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Quarantine is a 2008 American found-footage horror film directed and co-written by John Erick Dowdle, produced by Sergio Aguero, Doug Davison, and Roy Lee, and co-written by Drew Dowdle, being a remake of the Spanish film REC.[3] The film stars Jennifer Carpenter, Jay Hernandez, Columbus Short, Greg Germann, Steve Harris, Dania Ramirez, Rade Sherbedgia, and Johnathon Schaech.

Theatrical release poster
Directed byJohn Erick Dowdle
Produced by
Screenplay by
  • John Erick Dowdle
  • Drew Dowdle
Based onREC
by Jaume Balagueró and Paco Plaza
CinematographyKen Seng
Edited byElliott Greenburg
Distributed bySony Pictures Releasing
Release date
  • October 10, 2008 (2008-10-10)
(United States)
Running time
89 minutes[1]
CountryUnited States
Budget$12 million[2]
Box office$41.3 million[2]

Quarantine features no actual composition, it is "scored" by sound effects. In comparison to REC, it features several differences such as added and excluded scenes and characters, dialogue, and a different explanation for the virus. 'Facing What Consumes You' by the heavy metal band Hatebreed plays during the end credits.

The film was released by Sony's subsidiary Screen Gems on October 10, 2008. It received positive reviews from critics and grossed $41.3 million worldwide. The film was followed by a sequel, Quarantine 2: Terminal (2011).



On the evening of March 11, 2008, news reporter and cameraman, Angela Vidal and Scott Percival, are assigned to follow firefighters Jake and Fletcher during their nightshift. They are given a department tour, but an emergency call dispatches them. Arriving, screams from a self-barricaded apartment block room were heard by the landlord and residents. The firemen, police officers, and crew enter; they are attacked by an aggressive elderly woman. Fletcher also mysteriously falls to the base floor, incapacitated. The old woman bites a policeman and is killed. As the residents are ordered downstairs for their own safety, the team finds a second woman in a similar condition and bring her downstairs with others.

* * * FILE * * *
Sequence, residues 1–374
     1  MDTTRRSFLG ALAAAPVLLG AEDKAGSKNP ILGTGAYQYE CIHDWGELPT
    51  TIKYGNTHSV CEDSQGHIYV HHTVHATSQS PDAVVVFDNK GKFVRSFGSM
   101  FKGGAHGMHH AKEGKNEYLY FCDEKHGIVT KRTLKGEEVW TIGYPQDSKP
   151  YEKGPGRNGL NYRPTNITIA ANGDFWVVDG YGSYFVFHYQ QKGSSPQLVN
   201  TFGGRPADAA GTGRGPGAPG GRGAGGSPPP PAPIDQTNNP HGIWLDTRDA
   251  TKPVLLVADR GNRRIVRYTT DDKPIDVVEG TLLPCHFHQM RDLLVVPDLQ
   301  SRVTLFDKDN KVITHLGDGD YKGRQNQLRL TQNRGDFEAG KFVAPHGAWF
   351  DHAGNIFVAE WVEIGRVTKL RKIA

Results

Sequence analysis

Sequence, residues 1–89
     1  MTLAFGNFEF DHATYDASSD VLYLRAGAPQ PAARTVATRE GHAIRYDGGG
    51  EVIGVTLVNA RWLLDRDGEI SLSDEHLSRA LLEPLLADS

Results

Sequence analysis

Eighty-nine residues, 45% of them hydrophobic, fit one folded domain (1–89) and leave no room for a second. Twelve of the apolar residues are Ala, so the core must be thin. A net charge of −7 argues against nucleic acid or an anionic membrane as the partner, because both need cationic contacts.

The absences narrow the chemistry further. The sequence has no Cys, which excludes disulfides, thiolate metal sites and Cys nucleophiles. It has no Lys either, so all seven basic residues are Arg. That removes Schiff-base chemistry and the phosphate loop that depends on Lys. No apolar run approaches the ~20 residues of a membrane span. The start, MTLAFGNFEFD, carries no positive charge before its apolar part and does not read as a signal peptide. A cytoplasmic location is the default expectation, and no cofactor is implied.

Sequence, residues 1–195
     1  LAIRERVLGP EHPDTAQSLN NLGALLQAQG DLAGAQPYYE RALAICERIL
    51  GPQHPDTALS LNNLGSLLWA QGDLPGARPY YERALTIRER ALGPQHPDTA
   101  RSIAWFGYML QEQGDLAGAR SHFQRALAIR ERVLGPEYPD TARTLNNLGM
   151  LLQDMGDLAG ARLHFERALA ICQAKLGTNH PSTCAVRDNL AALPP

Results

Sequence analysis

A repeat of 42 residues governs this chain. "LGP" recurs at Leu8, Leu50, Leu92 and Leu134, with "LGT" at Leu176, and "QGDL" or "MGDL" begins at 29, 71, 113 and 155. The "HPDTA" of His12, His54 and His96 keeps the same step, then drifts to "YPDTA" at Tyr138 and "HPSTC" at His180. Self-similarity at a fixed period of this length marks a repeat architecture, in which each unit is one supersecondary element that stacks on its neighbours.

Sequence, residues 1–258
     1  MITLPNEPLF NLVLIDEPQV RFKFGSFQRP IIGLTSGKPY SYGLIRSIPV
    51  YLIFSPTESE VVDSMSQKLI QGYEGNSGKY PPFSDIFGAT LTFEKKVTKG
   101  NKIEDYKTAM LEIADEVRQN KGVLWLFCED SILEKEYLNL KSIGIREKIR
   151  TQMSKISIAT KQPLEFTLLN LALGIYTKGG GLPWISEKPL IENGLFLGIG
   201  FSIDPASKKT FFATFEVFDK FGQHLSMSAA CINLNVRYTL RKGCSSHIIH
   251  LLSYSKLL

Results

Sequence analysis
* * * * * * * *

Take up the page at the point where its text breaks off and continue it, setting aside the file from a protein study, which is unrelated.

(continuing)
Those wounded by the women become sick and delirious. Angela interviews a sick little girl who states that her dog is at the vet because he was sick too. The authorities and CDC suddenly quarantine the building, allowing none to leave. A resident veterinarian recognizes the symptoms as similar to those of rabies. CDC officers wearing hazmat suits enter the building and begin working on the two victims on the ground floor, but chaos ensues as the victims attack. It is revealed that, the day before, the little girl's dog is the reason the CDC has quarantined the building. The little girl bites her mother and later attacks a pursuing police officer. All the other infected break loose and start attacking. The team retreats upstairs and lock themselves in a room, but discover two people who have been bitten. A panicked resident who rips through the window covering is shot by a sniper. The landlord reveals that the basement, which connects to the sewers, may be the only way out. The two infected then attack, forcing Jake, Angela, and Scott to flee the room.

Jake is eventually bitten as the trio find the basement key. Angela and Scott now appear to be the only human survivors. Rather than making their way to the basement, the pair are forced upstairs to the attic apartment by the remaining infected, where they find lab equipment and newspaper clippings about a doomsday cult and a break-in at a chemical weapons lab where a virus was stolen. A trapdoor opens from the attic and Scott loses the camera light as he investigates it, the light broken by a small boy swatting at it. Scott turns on the night vision, and he and Angela hear loud banging noises inside the apartment. The source of the noises is an emaciated man, apparently unaware of them, blindly searching. Scott attempts escape but trips and drops the camera. Angela retrieves it and looks around the room, only to see the man eating Scott. In fright, she cries out and is attacked. She drops the camera and is unable to locate it; as she is crawling in pain, she is then dragged screaming into the darkness.